Child’s Play

I’ve talked about my inner child before – about the desperate diva throwing toddler-esque tantrums, spitting out my dummy when I’m faced with endless, thankless, relentless demands when all I want to do is hide under my duvet, quiet and alone. Recently my inner gargoyle has raised her ugly head (and voice) more than I care to remember (will my kids? is the question that keeps me awake some nights). The overwhelming overwhelmingness of my life right now is giving my spoilt brat inside a sustained sugar hit. All that new baby neediness, and the responsibilities of my mum’s illness has me screeching up the walls some days. And then last week on Mother’s Day I read an article by Eleanor Mills in the Sunday Times. It was about this modern generation of spoilt brats, pissed off with parenting, done in by the demands, and resentful of relentless crappy work. It got me thinking. This is what I signed up for. I wanted a busy family, a noisy household. The last six months as I’ve struggled with three under the age of 6, my mum’s voice plays over in my head, “well, you wanted three!”. It was my choice. And I wouldn’t change it. And I don’t know whether it was the article, or some level of acceptance with my mum’s situation, or the fact that at six months I’m finally getting to grips with this baby lark, but I’ve tentatively realised my inner gargoyle isn’t so petulant these days. In fact, my inner child has been having a bit of a field day of late – in a good way. I’ve been bouncing on the trampoline with gay abandon, freewheeling on my bike down the road, singing our Everything Has To Be a Song Days with gusto and generally remembering how to be a fun mum again. Oh the gargoyle is only resting no doubt, but I hope she has taken a permanent back seat. I hope I am slowly stumbling out of the haze of the last 6 months, and beginning to see life again through the eyes of a child, and the heart and maturity of a mother.

About Grin & Tonic by Alana Kirk

Bouncing into middle age armed with courage, ambition and a pair of tweezers (chin hairs for anyone over the age of 45 reading this) I am a writer with a mission: to redefine this midway point in my life when the last thing I want to do is hang up my high heels and become invisible. This is the end of the beginning, not the beginning of the end. A single mum to 3 fabulous girls, an author, and a fundraising consultant, both ends of my candle are on fire. As I enter this new stage of my life, I want to explore what it means for 'mid-aged' women today, who were promised they could have it all, ended up doing it all, and just do not identify with the traditional image of middle age.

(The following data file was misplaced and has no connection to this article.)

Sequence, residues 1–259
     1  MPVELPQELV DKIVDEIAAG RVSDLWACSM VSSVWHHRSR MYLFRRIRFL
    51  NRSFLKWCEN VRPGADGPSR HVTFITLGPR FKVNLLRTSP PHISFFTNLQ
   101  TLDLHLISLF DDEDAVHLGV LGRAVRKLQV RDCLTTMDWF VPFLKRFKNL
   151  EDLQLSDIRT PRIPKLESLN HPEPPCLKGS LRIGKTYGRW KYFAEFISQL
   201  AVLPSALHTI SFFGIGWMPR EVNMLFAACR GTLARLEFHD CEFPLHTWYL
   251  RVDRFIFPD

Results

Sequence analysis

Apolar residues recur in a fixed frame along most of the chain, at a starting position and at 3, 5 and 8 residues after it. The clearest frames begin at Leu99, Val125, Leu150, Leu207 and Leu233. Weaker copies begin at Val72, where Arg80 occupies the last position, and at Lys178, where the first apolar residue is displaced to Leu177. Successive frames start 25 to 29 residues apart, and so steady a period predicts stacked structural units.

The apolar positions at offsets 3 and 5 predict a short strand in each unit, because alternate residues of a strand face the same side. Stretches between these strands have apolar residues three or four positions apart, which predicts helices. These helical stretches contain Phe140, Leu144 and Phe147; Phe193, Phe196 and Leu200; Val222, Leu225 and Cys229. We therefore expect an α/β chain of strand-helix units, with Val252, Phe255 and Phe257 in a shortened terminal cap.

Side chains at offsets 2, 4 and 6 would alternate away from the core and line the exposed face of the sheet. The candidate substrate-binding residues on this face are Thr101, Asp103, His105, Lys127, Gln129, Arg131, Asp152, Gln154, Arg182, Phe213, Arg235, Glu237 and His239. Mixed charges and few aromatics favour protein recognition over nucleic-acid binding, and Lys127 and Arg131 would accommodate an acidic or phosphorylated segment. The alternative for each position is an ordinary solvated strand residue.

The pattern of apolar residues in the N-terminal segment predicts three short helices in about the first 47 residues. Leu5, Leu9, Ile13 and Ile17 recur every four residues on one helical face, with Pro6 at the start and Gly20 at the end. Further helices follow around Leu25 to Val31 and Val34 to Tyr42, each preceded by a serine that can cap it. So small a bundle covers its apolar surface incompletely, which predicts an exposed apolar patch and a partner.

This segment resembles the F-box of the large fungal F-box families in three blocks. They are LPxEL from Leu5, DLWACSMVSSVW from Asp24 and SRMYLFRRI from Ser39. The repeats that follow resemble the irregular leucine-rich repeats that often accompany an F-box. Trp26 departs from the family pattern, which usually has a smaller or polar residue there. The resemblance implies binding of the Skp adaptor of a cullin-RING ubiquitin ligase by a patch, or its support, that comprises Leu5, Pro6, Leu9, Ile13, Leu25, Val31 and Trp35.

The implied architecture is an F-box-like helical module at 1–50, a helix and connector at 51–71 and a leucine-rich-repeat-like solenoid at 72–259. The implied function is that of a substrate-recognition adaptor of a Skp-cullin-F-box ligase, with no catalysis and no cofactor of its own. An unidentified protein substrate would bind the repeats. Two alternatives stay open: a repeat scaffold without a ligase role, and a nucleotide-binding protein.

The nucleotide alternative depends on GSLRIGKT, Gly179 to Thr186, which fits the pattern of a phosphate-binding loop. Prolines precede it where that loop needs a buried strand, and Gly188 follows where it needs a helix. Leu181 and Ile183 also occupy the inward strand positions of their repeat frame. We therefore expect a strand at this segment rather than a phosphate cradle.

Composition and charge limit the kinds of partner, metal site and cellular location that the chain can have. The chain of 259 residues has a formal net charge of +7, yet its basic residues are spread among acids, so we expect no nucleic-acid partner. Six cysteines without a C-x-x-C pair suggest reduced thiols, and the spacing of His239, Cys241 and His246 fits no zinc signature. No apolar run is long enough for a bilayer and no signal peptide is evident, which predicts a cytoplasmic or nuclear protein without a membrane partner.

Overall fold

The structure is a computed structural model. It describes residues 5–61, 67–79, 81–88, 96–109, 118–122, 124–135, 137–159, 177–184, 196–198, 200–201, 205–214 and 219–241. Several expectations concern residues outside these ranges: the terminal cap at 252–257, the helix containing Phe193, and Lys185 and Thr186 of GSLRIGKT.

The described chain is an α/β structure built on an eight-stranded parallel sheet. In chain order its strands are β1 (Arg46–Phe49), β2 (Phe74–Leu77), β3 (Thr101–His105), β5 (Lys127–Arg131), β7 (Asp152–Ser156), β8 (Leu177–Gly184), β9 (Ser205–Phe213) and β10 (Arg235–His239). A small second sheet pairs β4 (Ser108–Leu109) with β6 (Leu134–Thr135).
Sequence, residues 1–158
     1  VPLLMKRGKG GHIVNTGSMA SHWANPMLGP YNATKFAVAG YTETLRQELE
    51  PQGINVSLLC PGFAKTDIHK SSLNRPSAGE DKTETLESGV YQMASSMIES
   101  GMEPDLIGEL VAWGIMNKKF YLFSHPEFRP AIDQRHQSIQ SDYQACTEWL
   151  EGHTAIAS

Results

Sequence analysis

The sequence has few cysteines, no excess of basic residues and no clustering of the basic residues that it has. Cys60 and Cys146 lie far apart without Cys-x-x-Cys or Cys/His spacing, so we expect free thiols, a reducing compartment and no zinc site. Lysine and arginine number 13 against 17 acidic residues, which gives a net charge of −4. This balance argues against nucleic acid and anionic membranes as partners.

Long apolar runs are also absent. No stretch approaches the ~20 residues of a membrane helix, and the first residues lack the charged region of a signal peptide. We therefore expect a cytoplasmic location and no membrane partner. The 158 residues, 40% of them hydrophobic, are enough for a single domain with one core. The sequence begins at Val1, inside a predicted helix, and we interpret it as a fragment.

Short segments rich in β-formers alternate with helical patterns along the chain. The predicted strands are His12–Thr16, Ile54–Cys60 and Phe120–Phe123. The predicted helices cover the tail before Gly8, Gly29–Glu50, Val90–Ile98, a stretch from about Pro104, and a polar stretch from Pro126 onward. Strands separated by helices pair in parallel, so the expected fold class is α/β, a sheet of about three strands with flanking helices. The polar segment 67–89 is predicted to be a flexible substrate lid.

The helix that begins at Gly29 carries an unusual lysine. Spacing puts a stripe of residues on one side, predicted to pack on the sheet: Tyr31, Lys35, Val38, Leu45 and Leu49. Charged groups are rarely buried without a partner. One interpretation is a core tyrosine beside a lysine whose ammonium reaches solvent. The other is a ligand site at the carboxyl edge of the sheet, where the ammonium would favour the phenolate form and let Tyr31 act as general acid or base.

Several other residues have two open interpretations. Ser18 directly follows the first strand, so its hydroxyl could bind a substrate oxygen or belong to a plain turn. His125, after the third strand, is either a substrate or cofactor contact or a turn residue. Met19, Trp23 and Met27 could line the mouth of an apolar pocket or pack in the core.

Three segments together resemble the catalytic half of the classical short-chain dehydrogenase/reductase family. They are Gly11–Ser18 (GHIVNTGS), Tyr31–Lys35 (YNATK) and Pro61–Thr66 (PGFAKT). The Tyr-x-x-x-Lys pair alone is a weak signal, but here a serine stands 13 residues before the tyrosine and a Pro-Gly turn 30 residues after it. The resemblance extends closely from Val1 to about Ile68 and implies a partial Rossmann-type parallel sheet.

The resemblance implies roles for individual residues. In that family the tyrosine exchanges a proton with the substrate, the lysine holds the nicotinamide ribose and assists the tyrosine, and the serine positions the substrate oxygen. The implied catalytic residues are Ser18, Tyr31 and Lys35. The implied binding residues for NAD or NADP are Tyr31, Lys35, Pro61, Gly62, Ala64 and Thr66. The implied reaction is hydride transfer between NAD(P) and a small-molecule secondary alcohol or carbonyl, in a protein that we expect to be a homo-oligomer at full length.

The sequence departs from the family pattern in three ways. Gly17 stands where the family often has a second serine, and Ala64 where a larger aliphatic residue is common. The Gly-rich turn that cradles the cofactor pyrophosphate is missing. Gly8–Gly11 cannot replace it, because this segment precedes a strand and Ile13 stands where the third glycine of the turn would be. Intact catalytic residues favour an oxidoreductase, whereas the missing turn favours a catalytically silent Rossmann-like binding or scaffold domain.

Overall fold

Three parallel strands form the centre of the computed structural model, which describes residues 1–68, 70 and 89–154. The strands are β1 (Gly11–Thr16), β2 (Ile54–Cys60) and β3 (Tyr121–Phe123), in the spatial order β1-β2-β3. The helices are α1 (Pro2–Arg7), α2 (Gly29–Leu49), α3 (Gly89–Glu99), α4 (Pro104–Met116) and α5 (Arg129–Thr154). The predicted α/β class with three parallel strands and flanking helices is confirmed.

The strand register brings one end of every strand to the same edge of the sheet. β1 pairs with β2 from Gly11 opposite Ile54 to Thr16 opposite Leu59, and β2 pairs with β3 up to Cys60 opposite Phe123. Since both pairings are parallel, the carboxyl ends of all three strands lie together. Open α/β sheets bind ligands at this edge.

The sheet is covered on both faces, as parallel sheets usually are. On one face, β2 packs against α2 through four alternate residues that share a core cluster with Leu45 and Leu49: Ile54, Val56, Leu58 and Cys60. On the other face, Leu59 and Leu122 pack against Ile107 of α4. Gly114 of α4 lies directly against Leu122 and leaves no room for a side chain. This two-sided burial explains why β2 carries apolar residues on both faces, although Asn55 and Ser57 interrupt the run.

This entry was posted in inner child, mother. Bookmark the permalink.

5 Responses to Child’s Play

  1. Totally know where you are coming from! I had 3 under 18 months (a set of twins and another 18 months later) and some days I was ready for the hills. I remember one day – the day Bill Clinton came to Belfast many many years ago – I had reached the end of my tether. Hubby arrived home and I literally handed him the crying kids, lifted the car keys and drove off to get away from it all. Needless to say I arrived home a couple of hours later and everyone was settled and happy!It sounds as if you are doing a great job and it DOES get easier as they get older xx

    Like

  2. Another beautiful post, you write them so well, lovely to read!
    I can relate to the inner child… inner 'bratty' child, that is. I have even likened myself to being stuck in the 'terrible two's' of adulthood in an earlier post on my blog.
    But like yourself, I just need to remember the great parts of being a Mama. How there is NOTHING else like it and that I'm blessed and so grateful to be given the gift of 2 little boys. However hard it might be.
    It's great that you have emerged on the other side with such positivity as a child and a mother :o)

    Like

  3. We all need days when we bounce on a trampoline and freewheel down the road. It's a great way of escaping all those adult responsibilities for a while. Long may it last. It will all get easier as the girls grow up. Hang in there and keep singing!

    Like

  4. cath c says:

    i am so happy to hear you say this. i can absolutely feel your sun shining through this post.

    Like

  5. diney says:

    It must be tough for you but this is the way to go forward – to remember that this is what you signed up for and, before you know it, they will be all grown up and gone so ENJOY THEM NOW!

    Like

Leave a Reply

Fill in your details below or click an icon to log in:

WordPress.com Logo

You are commenting using your WordPress.com account. Log Out / Change )

Twitter picture

You are commenting using your Twitter account. Log Out / Change )

Facebook photo

You are commenting using your Facebook account. Log Out / Change )

Google+ photo

You are commenting using your Google+ account. Log Out / Change )

Connecting to %s